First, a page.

This page presents the opening page and a half of CENT Paper No.10,
followed by a link to download a PDF file of the whole paper.
CENT PAPER NUMBER TEN:
Story of Relationship: Or coming to terms with my mother (and father)
Copyright (c) Dr Jim Byrne, January 2010
"Whoever inquires about our childhood wants to know something about our soul. If the question is not just
a rhetorical one and the questioner has the patience to listen, (s)he will come to realize that we love with horror and hate
with an inexplicable love whatever caused us our greatest pain and difficulty".
Erika Burkart, quoted in Miller (1983)
In an earlier paper, I mentioned that I had a partial Freudian analysis at the age of 22 years. It was incomplete
because I could not act upon my analyst's advice:
analyst (had) announced my challenge at the final session we had together: "You need to examine your relationship
with your mother in particular". This was where the analysis failed. Why? Because I had no ‘schema',
or map, definition, or any other ‘handle' on the concept of "relationship". I had no awareness of having
something called "a relationship with my mother". I had no idea what it could possibly mean to "examine"
something called "a relationship".' (CENT Paper No.4)
My mother and I were never close -
and the situation with my father was no different. All of my subsequent relationships with women were affected by this
central fact of my early life: Just as my relationships with men were affected by my poor bond with my father.
In Cognitive Emotive Narrative Therapy (CENT) we maintain, in harmony with Freudian psychoanalysis and the Object Relations
School, that the earliest family relationships form the non-conscious, mental templates for all subsequent relationships;
and that problems in those earliest family relationships need to be corrected as we proceed through life, if we are to achieve
reasonable relationships with others. We also maintain that human beings are essentially emotional beings, and that
our reason and thinking skills are overlaid upon a bed of emotional wiring. Thus our earliest emotional experiences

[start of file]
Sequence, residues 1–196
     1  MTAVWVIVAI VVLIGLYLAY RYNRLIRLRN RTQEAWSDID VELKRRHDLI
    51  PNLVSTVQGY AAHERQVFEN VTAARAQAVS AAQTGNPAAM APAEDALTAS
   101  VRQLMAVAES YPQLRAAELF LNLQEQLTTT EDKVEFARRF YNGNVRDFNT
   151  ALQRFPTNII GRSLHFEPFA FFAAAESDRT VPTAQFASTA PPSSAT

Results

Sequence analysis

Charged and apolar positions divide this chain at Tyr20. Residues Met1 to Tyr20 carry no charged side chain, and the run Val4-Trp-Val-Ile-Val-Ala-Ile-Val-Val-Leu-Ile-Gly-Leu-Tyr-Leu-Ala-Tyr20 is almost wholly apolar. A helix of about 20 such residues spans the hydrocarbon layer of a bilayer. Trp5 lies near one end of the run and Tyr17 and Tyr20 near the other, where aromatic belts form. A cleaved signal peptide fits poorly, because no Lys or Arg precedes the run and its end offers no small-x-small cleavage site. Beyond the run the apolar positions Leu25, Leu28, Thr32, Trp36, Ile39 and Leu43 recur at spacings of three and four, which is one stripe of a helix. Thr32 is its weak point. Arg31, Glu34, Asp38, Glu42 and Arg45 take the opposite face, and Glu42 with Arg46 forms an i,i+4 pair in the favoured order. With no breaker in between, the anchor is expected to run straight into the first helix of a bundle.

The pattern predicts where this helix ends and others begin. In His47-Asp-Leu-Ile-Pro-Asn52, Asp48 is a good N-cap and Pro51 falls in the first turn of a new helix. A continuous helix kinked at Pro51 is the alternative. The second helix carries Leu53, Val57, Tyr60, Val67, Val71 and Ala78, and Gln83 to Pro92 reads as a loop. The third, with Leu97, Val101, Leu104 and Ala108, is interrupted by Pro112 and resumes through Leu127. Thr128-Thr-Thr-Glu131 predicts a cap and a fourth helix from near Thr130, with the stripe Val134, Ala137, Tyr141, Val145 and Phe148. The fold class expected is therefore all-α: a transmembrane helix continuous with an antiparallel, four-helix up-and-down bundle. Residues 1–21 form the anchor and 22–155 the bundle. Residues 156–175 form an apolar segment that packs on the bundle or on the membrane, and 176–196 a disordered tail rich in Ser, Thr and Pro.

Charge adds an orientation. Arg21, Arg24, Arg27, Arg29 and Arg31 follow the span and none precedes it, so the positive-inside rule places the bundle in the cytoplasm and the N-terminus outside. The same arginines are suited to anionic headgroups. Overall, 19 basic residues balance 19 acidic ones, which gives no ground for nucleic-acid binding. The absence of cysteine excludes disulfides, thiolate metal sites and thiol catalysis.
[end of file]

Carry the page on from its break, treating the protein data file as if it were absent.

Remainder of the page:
are formative, and set certain limits to what can be done, thought and felt in later life: unless and until we digest those
experiences, drain them of their emotive charge, and file them away in inactive stores in background memory.
There is, of course, a deeper level to human existence, which is explored in various
spiritual traditions, and that is our relationship to everything that is: to infinity, to eternity, to the absolute
of which each individual thing is a small part. To exist as an isolated consciousness is a problem for each individual,
and I will try to look at that aspect of human existence at the end of this paper.
However, in this paper I mainly want to apply some of the ideas of psychoanalysis and Object Relations, in a CENT
format, to try to resolve my problems with my mother in particular. (I will also necessarily have to include some consideration
of my relations with my father). In the process I will be illustrating how seriously CENT takes early childhood experience,
which is quite different from CBT and REBT.
 Miller, A. (1983) For Your Own Good: Hidden cruelty in child-rearing and the roots of violence.
London: Faber and Faber.
 Byrne, J. (2009d) A journey through models of mind. The story of my personal origins.
CENT Paper No.4. Hebden Bridge: The Institute for CENT. Available online: http://www.abc-counselling.com/id166.html